Akai MPK Road 88 REVIEW

Editor’s note – we received the Akai MPK Road 88 MIDI Controller for review this summer. We opened it up, plugged it in, and played with it for a few weeks before it was scheduled to be returned to Akai. After we shipped the unit back, and wrote up our thoughts, it came to our attention that Akai had issued a recall for the product. You can read their statement here, but they say essentially “the lubricant on the keybed may not perform as we intended.” That’s a bit vague, and to be honest, the keybed was actually one of the best parts of the unit we tested. We’re not 100% clear on the specific issue that users were having, but suffice it to say, we didn’t run into the same problems. And in any event, it appears Akai was swift to act, and accept returns on the unit from any dissatisfied users. Now, why are we publishing a review on a recalled product, you might ask? Well, because we’re sure that whatever the lubricant issue is, it’s being taken care of any any new stock moving forward will address the issue, and only corrected models will be on the market from here on out. So rather than withholding our review until new units hit shelves, we made the decision to publish the review, as-is, with the above caveat so artists are aware of the situation, and can make an informed purchase decision moving forward. With all that said, here’s our original review, as published in the August/September issue. Whew!

We’re used to playing synth-action keys a lot around the office, so it’s nice to remind ourselves every now and again of the feel of real, weighted keybeds. The new Akai MPK Road 88 MIDI Controller is designed for those who want a professional-level MIDI controller with a full 88-key spread, and the feel of a traditional acoustic piano. They’ve also designed it, as the name suggests, for touring artists. One of the first things you’ll notice when you open it up is that it comes encased in its own suitcase-style road case, reminiscent of old Rhodes electric pianos from the ’70s.

We happen to have an upright baby grand on-hand here in the office studio, a Young Chang model, to be precise, so we were able to go back and forth to test out the feel of the Akai keybed compared to the real thing. The Akai passes every test with flying colors. We were told they spent nearly two years developing this keyboard, and the quality is simply on-point [editor’s note – see above statement] . We use a variety of soft-synths in our DAW, including some from IK Multimedia and Arturia, and were able to perform incredibly easily with the Road 88, and were equally impressed by its apparent durability and rugged design. Kudos for making the unit bus-powered, as well, so you can avoid more cable disasters when setting up for live gigs. No issues with the wheels, either – just super fluid motion that you’d expect for pitch bend and modulation flourishes.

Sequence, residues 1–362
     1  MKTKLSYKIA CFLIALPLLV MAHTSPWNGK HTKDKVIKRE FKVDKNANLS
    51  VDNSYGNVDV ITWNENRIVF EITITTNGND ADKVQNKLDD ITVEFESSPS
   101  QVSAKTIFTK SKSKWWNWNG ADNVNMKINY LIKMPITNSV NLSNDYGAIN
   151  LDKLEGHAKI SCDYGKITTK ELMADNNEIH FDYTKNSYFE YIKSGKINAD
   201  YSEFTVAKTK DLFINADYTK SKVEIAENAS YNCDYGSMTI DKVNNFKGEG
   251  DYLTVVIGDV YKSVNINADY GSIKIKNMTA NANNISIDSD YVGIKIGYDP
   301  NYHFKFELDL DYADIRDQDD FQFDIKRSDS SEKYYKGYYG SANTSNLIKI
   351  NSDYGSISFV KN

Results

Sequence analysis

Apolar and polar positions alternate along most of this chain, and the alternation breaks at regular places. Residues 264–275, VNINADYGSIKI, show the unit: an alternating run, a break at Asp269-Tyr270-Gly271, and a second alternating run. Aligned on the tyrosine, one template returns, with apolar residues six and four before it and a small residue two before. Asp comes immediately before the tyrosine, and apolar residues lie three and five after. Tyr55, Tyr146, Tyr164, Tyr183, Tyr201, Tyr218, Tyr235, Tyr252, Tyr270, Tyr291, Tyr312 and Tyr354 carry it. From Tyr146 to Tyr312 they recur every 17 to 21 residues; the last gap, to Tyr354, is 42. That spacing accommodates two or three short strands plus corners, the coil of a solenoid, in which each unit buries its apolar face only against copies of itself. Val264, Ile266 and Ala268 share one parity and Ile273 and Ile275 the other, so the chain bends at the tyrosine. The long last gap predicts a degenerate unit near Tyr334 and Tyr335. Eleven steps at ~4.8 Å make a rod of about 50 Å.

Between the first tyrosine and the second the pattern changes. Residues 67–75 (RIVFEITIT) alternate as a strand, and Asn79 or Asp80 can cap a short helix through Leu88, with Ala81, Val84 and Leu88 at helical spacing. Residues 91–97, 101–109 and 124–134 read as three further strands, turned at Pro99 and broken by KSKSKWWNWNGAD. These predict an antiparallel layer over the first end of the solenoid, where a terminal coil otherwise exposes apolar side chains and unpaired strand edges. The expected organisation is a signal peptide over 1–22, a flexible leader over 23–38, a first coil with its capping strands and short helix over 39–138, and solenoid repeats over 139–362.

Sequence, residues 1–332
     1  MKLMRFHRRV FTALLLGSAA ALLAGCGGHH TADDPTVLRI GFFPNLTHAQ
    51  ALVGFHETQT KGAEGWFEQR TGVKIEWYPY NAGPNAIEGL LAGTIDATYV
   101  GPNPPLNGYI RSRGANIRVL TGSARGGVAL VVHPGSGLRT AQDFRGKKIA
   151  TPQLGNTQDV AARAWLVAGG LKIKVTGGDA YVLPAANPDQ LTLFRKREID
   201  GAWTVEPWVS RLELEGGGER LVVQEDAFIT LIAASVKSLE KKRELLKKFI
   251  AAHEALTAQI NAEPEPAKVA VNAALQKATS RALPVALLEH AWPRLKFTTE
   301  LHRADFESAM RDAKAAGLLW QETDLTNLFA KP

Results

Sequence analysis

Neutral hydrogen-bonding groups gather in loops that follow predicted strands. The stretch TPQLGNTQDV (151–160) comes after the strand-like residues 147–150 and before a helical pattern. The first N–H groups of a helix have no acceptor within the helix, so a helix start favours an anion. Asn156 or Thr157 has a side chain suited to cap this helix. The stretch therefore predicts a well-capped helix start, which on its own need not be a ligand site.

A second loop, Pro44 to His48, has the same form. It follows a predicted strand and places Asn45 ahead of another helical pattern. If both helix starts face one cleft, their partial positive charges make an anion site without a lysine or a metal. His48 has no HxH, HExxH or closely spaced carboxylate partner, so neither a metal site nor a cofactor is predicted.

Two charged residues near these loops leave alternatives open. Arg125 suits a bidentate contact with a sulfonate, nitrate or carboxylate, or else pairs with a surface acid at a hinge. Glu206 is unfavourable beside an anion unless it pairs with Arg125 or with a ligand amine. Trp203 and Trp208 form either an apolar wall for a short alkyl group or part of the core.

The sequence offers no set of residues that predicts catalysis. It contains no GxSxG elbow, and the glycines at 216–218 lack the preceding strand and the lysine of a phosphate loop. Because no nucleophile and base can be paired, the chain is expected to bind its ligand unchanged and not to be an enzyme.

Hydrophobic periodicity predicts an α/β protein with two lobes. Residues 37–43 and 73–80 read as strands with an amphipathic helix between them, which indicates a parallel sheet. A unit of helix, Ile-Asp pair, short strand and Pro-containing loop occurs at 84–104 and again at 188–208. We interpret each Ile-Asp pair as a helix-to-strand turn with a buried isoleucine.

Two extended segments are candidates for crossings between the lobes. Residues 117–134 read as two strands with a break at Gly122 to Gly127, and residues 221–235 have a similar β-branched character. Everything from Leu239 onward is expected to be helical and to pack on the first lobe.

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The real draw here is the true hammer action, velocity-sensitive and aftertouch-ready feel and playability. Akai has also bundled in their VIP software, which quite frankly didn’t do a whole lot for us since we’re overloaded with software as it is. But think of it as an added bonus. On the rear you’ll find your standard I/O, including sustain pedal input (we tested it with a few units with no issues, including a Yamaha pedal which is notoriously incompatible and finicky with everything we’ve ever played), DIN-based MIDI ins and outs, and of course USB. We also thought the implementation of the split function was a nice bonus, enabling artists to easily have bass in the left hand and pads or leads in the right.

The bummer is that after we received, tested and shipped the unit back, we were made aware of a recall from Akai. Apparently a certain lubricant used in the keybed was faulty for some users. So, for more info on that, head to https://www.akaipro.com/recall. Full disclosure, we only had the unit a few weeks, so we can’t speak to how the lubricant in original units will or will not work over time. But we experienced no notable issues to speak of.  So, your best bet is to wait for a v2 unit to hit the market or an original that’s been updated by the factory.

PROS:

amazing feel for a pro weighted MIDI controller

CONS:

currently a recall on this product, its future is TBA

STREET PRICE:

$899

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